Images as we all know foster the derisory ontology of the African, the images of war and the consequences of misgovernance. Therefore, derisory ontology of the African is largely function of African leaders and the outcomes they produce. Regardless of the skills of sycophants and the politically correct African leaders have failed, the results of their actions are the stuff of degrading underdevelopment. Poverty, illiteracy, hunger, senseless wars, disease, and corruption are the only areas of development Africans score highly; they are often in the Top 10 in those categories.

A common leadership trait is self-motivation, being a self-starter as pioneer, builder, thinker, organiser or whatever else. A governance problem is identified and a very serious attempt is made by the leader to effectively solve it. The attempt may fail but the adopted ontology of the [good] leader ensures that sooner than later the problem is solved. This does not appear to be the ontology of the African leader who takes no responsibility for his or failures but delights in credit for mostly imaginary achievements and veneer successes. In new democracies there is the novelty of blamocracy i.e. “governance by blaming others for the government’s very own failures”. The ontology of the African leader on paper and in common knowledge includes the observation that problems cannot be solved by them unless less they get help from abroad on there is money to be made.

Notions of African leaders as bad or failed supremos are a bit too easy to conjure in one’s mind. Empirical evidence and anecdotes about African leaders abound. Notions of African leaders as good and competent heads of government are realistically very possible. However, the irony here is only the African leader through exemplary governance and achievement can make such happen. The question then becomes, how can bad incompetent leaders create a superior ontology of the African leader and the everyday African?

Without intending offence, one wonders if the African leader actually understands the ontology of the African. Put differently, it often appears the African leader is effectively oblivious to the implications of the derisory ontology of Africa and their role in entrenching it. If African leaders appear to routinely lack the intelligence and ability to provide their people with enlightened governance, how can ordinary Africans be seen by non-Africans as intelligent, respectable and able beings. African leaders do not appear to be able carry their nations along with their policies and actions but not because their policies and actions are necessarily bad or unpersuasive. It is easier for them to carry along members either of their own political parties, ethnic groups, religions but no one else; the rest neither matter nor have a voice. The African leader from a majority ethnic group, majority religion and majority political party (especially simultaneously) is ’lucky’; those who are not are simply ‘unlucky’. Around the world accidents of birth appear to be the most important factor in attaining political leadership; the African leader may be thus excused but it does not help their derisory ontology.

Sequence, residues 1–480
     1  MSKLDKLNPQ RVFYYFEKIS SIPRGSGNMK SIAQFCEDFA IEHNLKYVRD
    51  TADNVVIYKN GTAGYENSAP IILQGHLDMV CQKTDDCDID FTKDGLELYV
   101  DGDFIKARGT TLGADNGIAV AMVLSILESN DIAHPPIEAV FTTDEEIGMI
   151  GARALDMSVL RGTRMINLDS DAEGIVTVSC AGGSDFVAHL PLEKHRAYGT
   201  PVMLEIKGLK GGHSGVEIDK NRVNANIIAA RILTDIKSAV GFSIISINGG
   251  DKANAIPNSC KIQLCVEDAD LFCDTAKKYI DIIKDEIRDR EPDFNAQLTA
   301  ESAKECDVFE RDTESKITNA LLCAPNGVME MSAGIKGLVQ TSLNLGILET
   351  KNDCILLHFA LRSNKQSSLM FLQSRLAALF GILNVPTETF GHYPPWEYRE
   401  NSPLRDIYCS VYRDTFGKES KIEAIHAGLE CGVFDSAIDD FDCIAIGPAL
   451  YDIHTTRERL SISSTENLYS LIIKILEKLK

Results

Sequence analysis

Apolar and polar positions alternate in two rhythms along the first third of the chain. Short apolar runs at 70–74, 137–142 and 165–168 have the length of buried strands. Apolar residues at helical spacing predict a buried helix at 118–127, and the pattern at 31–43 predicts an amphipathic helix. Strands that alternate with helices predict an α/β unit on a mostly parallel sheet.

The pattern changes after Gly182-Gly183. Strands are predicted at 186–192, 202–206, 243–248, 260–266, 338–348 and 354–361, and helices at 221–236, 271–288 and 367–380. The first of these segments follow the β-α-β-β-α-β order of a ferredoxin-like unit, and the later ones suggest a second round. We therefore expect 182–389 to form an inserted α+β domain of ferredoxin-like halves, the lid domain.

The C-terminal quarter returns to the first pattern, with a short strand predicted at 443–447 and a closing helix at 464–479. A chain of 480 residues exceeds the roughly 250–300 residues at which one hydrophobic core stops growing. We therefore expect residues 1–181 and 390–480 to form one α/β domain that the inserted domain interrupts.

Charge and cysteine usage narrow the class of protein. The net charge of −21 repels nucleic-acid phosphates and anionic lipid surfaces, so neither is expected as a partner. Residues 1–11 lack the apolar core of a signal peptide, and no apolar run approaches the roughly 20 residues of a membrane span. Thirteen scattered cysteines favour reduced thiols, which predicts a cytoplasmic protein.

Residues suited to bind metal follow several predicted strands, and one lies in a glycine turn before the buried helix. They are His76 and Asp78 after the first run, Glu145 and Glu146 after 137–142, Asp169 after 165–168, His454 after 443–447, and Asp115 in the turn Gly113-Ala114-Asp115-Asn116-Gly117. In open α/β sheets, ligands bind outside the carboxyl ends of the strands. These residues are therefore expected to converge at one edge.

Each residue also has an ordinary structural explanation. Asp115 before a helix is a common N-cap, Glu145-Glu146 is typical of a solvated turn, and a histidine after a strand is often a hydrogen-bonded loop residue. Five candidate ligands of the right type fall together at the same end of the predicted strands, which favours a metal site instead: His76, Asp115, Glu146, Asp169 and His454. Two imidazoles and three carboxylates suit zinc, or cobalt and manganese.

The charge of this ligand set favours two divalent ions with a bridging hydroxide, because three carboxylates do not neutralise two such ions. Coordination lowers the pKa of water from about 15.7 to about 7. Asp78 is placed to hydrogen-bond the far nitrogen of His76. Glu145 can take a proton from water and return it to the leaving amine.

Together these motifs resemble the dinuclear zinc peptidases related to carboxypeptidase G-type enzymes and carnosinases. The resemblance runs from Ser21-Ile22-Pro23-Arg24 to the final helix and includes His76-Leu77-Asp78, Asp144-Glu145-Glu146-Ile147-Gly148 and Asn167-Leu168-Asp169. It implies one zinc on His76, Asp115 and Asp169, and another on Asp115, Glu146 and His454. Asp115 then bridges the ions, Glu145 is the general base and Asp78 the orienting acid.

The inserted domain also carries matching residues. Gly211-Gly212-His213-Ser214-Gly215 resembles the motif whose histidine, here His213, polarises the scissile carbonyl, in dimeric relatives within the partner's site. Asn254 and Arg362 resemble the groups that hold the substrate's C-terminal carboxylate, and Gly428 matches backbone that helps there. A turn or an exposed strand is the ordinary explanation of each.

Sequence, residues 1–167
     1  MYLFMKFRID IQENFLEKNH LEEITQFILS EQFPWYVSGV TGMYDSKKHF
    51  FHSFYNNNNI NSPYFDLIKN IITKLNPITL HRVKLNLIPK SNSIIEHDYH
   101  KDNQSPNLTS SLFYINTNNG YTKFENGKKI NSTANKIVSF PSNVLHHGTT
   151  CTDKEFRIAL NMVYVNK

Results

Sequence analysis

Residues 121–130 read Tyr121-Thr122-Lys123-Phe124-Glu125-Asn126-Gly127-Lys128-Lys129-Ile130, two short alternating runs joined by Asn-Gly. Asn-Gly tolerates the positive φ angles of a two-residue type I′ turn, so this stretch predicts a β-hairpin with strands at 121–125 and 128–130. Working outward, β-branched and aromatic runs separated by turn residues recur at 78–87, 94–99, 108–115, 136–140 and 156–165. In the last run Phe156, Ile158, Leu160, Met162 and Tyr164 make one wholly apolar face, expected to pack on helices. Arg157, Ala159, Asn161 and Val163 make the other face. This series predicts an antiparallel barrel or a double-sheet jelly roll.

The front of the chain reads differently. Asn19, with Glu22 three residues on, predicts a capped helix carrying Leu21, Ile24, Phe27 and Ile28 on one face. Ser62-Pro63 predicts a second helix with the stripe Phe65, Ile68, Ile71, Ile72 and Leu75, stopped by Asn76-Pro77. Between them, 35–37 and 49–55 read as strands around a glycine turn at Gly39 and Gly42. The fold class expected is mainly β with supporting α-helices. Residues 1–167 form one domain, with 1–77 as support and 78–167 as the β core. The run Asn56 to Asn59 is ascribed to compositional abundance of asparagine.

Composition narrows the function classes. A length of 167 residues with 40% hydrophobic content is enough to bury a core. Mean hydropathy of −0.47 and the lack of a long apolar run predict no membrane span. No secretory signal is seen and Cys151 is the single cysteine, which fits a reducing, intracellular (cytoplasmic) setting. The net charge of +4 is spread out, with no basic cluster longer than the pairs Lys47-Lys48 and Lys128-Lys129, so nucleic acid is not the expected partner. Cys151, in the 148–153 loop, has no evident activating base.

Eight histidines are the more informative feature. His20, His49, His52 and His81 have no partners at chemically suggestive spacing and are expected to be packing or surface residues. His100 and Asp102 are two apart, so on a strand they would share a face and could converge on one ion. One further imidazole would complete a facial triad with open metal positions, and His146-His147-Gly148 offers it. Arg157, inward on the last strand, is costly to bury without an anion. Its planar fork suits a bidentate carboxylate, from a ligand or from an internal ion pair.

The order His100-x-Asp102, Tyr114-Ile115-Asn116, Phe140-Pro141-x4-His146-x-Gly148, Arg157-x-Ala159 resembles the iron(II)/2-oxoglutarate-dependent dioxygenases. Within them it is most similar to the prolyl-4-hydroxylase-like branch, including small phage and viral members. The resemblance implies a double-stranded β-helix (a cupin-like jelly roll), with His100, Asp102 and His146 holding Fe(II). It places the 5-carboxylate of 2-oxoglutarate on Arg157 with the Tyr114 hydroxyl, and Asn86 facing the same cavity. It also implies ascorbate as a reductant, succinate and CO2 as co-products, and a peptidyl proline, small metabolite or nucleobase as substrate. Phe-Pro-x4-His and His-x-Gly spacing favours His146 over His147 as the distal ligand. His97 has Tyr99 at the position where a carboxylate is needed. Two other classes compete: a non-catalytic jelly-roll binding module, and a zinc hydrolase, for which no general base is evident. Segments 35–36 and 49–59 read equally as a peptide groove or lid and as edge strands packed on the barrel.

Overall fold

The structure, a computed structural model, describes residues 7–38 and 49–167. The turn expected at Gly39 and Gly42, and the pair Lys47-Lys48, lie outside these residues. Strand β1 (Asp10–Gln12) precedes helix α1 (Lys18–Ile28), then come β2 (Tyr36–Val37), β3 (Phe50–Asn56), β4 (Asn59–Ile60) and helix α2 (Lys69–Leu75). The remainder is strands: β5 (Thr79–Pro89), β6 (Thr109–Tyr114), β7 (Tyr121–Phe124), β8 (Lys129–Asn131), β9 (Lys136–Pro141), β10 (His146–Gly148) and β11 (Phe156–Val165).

Notions of African leaders loving their people or being constructive principals to their nations are not so easy to experience or formulate. Sigmund Freud talked about the eternal battle between Eros and Thanatos. Eros is the desire / capacity for love and Thanatos is the resort / tendency towards destruction. The leader who robs his own public treasury while allowing millions of citizens to endure dehumanising hunger has made a decision of Thanatos to prevail over sovereign Eros. Who besides ruling elite who live extravagantly off the state enjoys austerity? The leader who elects send his ethnic majority to war with another people of the same country when simple or minor political concessions would have ensured continuing peace and stability has hidden behind the ‘inevitability’ Thanatos and abandoned the almost ‘limitless potential’ of Eros. Who besides leaders, the ruling class and industrialists loves war? The leader that increasingly puts ideology, profits or corporations before the needs of the people has by a widening gap put Thanatos before Eros. It is the case that African leaders are not alone in this respect but when have they never shown a genuine preference for Eros over Thanatos besides a mostly fraudulent fight for independence.